Fostering Effective Energy Transition 2019
The World Economic Forum has published the Fostering Effective Energy Transition report. The report finds that while access to energy has substantially improved, with less than one billion people now living without access to electricity, concerns over affordability and equity of energy transition are increasing.
The report’s Energy Transition Index (ETI) measures economies in two ways. Firstly, each economy is assessed for its energy “system performance”. This takes into account three criteria regarded as critical for transitioning to the future, namely: security and access, environmental sustainability and economic growth and development. The latter measures economic impact to households, industry and export revenues.
The index benchmarks 115 countries on the current level of their energy system performance, and the readiness of their macro environment for transition to a secure, sustainable, affordable and inclusive future energy system. The fact-based framework and rankings are intended to enable policy makers and businesses to identify the destination for energy transition, identify imperatives, and align policy and market enablers accordingly.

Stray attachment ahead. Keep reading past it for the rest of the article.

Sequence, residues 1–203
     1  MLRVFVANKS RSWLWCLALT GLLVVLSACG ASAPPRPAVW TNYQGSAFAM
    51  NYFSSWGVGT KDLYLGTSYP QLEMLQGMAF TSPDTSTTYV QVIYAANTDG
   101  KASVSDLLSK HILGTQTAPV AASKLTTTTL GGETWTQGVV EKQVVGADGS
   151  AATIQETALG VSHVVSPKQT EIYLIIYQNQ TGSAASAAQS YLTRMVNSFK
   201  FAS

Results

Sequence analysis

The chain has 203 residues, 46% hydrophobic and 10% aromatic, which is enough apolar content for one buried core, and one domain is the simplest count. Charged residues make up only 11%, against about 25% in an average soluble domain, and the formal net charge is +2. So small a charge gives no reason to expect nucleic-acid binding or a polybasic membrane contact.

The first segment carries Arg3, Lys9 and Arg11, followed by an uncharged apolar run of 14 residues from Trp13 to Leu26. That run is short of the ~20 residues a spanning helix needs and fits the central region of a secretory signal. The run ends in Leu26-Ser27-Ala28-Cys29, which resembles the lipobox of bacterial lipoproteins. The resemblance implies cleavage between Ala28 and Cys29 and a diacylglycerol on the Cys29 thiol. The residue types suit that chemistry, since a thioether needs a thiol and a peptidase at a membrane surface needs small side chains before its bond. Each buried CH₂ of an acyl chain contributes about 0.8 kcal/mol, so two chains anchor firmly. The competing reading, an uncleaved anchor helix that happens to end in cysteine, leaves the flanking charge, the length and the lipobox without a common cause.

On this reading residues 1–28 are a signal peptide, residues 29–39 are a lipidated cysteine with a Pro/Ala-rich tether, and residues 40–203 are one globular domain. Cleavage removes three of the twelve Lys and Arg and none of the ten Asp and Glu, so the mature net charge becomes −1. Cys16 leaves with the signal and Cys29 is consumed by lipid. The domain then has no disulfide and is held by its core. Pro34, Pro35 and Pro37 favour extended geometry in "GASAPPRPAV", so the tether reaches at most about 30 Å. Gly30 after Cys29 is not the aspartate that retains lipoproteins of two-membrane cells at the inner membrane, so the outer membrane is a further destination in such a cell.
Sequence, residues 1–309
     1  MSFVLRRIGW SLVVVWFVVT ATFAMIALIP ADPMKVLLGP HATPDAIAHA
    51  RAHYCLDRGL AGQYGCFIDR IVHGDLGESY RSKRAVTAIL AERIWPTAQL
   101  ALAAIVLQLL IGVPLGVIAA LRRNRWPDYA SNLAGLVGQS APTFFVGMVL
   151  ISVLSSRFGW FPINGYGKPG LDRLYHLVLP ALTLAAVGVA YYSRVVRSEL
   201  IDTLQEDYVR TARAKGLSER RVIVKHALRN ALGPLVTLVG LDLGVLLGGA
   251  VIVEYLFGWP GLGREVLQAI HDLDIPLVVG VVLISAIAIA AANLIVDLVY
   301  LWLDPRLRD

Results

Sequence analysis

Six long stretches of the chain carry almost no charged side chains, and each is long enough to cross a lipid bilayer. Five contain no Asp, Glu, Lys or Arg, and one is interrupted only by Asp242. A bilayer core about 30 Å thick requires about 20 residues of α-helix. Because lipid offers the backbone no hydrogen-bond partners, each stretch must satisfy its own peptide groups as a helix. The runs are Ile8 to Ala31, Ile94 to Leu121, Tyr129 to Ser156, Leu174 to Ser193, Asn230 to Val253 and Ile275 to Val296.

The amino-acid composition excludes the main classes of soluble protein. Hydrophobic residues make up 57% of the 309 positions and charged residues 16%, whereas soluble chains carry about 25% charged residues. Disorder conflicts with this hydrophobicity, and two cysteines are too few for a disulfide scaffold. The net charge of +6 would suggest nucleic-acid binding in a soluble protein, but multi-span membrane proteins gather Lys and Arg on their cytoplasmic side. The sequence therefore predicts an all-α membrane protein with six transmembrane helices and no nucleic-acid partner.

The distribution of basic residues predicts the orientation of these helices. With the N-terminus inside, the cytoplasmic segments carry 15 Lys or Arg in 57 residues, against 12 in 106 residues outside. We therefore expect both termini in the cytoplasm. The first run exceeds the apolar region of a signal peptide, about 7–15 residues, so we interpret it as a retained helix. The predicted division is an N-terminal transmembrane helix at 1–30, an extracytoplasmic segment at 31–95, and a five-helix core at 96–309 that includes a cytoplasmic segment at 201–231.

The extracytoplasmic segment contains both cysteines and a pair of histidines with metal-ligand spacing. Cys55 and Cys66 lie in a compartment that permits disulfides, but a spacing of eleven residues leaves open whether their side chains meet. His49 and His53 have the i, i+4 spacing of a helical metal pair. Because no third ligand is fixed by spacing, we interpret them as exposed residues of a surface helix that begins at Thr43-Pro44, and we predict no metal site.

Africa's performance in ETI
According to the report, Sub‑Saharan Africa has the lowest levels of per‑capita energy consumption, with about 600 million people lacking access to electricity and many more without access to clean cooking fuels.
"The analysis of ETI sub-components and their dimensions reveals the complexity of energy transition challenges in the region. The average scores on energy system performance have improved over the past five years, but all Sub‑Saharan countries score lower than the global average on energy system performance. The scores on the economic development and growth dimension are closer to the global average, largely driven by increasing exports of oil and gas."
Namibia is the highest‑ranking country in the region, with a combined aggregate score of 55/100. This is followed by Kenya (52/100), Tunisia (52/100), Ghana (52/100) and Tanzania (49/100). The region’s two largest energy consumers, Nigeria (41/100) and South Africa (37/100), rank in the bottom 10 percentile.
Download the report below: